Though he was ambushed and killed on his return to Kairouan by Berber rivals, his unexpected success helped leaders who followed to envision what became the further expansions of Muslim Arab power. Kairouan became the headquarters and the essential junction toward the rest of northern Africa and, after the Arab conquest of Iberia in 711, Europe. The reach of Islam and the cultural influences that followed exceeded those of any former civilization. In addition to Iberia, which became “al-Andalus” after its previous Vandal rulers, these extended along the entire southern Mediterranean coast, the Atlantic coast south into the Senegal River basin, and inland to the Sahara and the cities of the Niger River.
“Kairouan was born in a hostile environment, disputed and coveted by too many dynasties to name from the beginning,” explains Mourad Rammah, 66, a local historian and president of Kairouan’s Association to Safeguard the City. The association, he says, helped the city achieve its listing as a unesco World Heritage Site in 1988. Rammah descends from the Qays family, one of Kairouan’s oldest families that arrived with—or shortly after—Ibn Nafi himself. One of Rammah’s early-14th-century ancestors, Abu Abdallah al-Rammah al-Qays, was the city’s leading faqih, or jurist, as well as imam at the Great Mosque.
The governor’s house that Ibn Nafi built did not endure long, but the mosque, Rammah explains, was built on a such a grand scale that it could only have come from an early vision of a glorious, powerful city. Today it is the oldest mosque in North Africa. It has been rebuilt and renovated several times, most completely in the ninth century under the Aghlabids, whose rule marked the peak of Kairouan’s power.
Writing at the end of the 10th century, Arab geographer al-Muqaddasi described Kairouan as, “more inviting than Nishapur and bigger than Damas [Damascus], more prestigious than Isfahan.” Yet he was also a critic. “Its water is not good,” he wrote. “Its collection is done by storing rainwater in reservoirs.”
Spanish historian Luis del Mármol Carvajal, who wrote his accounts of the region in the 16th century, tells us that “in ancient times, people from all over Africa came to this university [in Kairouan], in the same way as the French go to Paris and the Spanish to Salamanca, and its elderly writers and doctors boasted that they have studied there.”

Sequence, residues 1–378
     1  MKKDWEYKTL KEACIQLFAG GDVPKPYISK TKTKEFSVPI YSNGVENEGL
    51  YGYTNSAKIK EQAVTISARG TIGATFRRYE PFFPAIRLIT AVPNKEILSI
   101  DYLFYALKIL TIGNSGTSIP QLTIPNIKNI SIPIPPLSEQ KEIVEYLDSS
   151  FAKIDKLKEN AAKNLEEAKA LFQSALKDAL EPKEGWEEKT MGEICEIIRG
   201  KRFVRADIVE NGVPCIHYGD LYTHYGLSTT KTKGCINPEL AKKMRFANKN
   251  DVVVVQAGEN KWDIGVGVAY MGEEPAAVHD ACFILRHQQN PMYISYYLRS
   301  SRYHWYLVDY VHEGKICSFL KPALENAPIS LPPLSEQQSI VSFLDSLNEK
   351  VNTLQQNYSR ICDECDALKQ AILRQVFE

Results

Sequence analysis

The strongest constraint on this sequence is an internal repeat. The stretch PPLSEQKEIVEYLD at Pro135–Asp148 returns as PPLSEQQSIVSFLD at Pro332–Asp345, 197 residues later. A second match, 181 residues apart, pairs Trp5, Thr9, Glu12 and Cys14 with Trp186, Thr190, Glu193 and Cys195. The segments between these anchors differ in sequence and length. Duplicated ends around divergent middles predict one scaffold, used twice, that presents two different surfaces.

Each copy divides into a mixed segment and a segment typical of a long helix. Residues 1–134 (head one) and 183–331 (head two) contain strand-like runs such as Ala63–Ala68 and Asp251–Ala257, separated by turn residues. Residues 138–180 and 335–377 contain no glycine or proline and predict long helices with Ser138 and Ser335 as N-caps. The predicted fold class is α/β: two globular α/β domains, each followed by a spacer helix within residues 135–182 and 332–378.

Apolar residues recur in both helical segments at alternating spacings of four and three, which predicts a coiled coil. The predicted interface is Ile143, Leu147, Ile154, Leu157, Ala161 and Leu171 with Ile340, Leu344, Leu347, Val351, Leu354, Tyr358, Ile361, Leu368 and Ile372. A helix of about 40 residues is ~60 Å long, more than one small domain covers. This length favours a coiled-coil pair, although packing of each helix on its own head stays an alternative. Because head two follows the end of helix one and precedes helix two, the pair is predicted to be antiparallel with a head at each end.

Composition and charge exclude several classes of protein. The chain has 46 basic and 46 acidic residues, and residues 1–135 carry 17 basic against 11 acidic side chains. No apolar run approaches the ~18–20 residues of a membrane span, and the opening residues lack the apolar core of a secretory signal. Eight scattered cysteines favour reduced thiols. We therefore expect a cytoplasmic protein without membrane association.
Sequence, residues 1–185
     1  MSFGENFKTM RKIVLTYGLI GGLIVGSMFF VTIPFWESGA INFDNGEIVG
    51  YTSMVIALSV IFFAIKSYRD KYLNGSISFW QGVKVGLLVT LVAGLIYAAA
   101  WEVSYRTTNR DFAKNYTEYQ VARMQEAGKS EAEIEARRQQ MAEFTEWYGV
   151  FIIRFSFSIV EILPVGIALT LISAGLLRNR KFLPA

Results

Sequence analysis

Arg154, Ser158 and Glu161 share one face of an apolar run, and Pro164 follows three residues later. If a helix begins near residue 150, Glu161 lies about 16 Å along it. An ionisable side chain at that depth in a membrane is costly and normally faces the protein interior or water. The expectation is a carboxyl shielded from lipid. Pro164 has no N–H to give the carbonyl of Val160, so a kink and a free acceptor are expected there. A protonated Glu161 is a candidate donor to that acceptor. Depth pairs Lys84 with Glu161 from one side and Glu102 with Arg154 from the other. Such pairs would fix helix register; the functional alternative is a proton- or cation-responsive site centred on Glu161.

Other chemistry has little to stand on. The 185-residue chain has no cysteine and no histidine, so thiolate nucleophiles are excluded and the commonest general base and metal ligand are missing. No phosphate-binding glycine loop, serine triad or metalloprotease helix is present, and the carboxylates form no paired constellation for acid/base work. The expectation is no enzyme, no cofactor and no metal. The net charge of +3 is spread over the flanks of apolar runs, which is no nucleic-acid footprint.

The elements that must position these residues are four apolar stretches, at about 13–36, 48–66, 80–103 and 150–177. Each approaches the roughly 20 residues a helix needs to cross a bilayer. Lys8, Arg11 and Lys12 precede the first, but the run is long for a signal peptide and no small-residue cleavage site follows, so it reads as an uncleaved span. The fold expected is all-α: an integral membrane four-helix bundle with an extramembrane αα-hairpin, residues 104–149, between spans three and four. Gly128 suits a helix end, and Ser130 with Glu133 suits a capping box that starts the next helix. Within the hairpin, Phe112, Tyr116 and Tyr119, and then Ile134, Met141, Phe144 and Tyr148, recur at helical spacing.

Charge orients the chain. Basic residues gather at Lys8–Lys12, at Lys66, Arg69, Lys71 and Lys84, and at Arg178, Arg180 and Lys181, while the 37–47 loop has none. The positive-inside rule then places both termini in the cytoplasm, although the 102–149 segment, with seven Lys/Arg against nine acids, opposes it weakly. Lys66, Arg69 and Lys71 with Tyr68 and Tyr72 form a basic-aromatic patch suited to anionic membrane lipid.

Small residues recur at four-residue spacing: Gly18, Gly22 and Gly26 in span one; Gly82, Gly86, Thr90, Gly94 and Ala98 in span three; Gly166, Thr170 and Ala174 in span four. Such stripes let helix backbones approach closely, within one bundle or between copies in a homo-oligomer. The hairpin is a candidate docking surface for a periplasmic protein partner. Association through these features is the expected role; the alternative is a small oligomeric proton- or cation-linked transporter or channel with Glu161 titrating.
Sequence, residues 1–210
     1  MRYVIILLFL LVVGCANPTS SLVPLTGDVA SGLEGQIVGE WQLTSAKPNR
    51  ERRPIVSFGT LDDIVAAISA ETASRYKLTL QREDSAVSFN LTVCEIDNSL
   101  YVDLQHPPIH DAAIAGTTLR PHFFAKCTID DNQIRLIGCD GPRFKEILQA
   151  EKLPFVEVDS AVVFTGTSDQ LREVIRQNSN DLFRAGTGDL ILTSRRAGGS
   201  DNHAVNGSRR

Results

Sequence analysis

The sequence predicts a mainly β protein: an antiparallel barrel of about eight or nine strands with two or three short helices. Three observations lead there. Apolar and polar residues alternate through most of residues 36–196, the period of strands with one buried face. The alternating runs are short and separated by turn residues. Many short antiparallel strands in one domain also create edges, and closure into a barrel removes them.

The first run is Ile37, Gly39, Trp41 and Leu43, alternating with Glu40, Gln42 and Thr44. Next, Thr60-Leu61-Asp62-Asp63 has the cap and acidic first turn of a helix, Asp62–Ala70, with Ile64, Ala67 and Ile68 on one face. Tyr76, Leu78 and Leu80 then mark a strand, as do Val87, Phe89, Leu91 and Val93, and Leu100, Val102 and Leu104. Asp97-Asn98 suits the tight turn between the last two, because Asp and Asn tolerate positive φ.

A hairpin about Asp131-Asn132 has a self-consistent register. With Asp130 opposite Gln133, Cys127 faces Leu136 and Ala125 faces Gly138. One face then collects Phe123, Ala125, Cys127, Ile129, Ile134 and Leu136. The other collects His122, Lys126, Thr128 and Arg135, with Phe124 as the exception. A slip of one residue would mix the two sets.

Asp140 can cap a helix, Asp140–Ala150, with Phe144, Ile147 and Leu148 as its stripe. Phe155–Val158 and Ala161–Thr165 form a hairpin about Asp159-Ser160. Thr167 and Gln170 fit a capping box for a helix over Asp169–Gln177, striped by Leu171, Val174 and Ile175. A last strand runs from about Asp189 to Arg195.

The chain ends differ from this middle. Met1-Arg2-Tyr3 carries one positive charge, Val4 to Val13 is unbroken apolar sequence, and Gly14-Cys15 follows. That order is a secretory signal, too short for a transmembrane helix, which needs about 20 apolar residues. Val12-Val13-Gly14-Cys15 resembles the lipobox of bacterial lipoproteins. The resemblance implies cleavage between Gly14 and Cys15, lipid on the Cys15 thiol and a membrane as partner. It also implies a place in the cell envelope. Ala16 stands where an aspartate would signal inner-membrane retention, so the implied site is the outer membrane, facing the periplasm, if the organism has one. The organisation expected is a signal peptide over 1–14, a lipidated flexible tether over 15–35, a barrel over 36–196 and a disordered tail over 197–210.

This rich exchange, Mahfoudh continues, “took place not only with the Arab Islamic world, but also with Europe.” Commerce helped expand relations with the African city, and propelled the expansion of knowledge and artistic influences. “The city became a laboratory of religions and cultures. It was a crossroads where elements taken from the west, such as Berbers, met Arabs from the east, and also Jews and Christians, too.”
Arab writer al-Ya’qubi, in the late ninth century, noted the presence in Kairouan of “Arabs from Quraysh, from Mudar, from Rabiya, from Kahtan and other tribes, too; Persians from Khurasan; finally, Berbers from Rum and still others.” Funerary inscriptions in the National Museum of Islamic Art in nearby Raqqada (see sidebar) show that Kairouan’s Christians kept their use of Latin throughout the city’s centuries of influence.
“Regarding the importance that the scientific field had in Kairouan, and only as some examples, for there are many,” Mahfoudh says, “we can mention two exceptional ones: the most celebrated [10th century] doctor and pharmacist, Ibn al-Jazzar, and Constantine, who was called Constantine the African, who introduced advances in medical science in Europe through the universities of Salerno and Montpellier.” Of Ibn al-Jazzar’s 43 known works, 10 have been preserved, most notably his general therapeutic manual Zad al-Mussafir wa-qut al-hadir, translated into Latin as Viaticum peregrinantis, which was used in Europe through the 16th century.
Constantine the African, Mahfoudh says, was a Christian who is generally believed to have studied in Kairouan before going on to teach medicine in Italy at Montecassino Abbey. There, he was also called “the Master of the East in the West,” as he devoted his energies to the translation of Arabic treatises, many of which he had carried there himself. His translations became fundamental almost a century and a half before Sicilians, Toledans and Venetians undertook systematic translation of medical and other scientific texts from the East.
Being such a renowned city, it is also not surprising that Kairouan became a famous destination for geographers and historians. (It has also been a destination for generations of pilgrims, with many claiming that Kairouan is the “fourth holy city of Islam.”) The travelers’ accounts, and the ways they portrayed the city in different times, illuminate the rise and eventual fall of the city’s urban and social fortunes.
Tenth-century geographer Ibn Hawqal is author of the Kitab fi surat al-ard (Book on the Configuration of the Earth). He was born in Mesopotamia, and his works included economic and political geography. Visiting Kairouan, he described it as
one the most important cities of the Maghreb, being above all others given its trade transactions, its wealth, the beauty of its buildings and markets. It is also the headquarters of the administrative power of all the Maghreb; here was where the tax collections took place, and the place for the government residence.
The Palace Suburb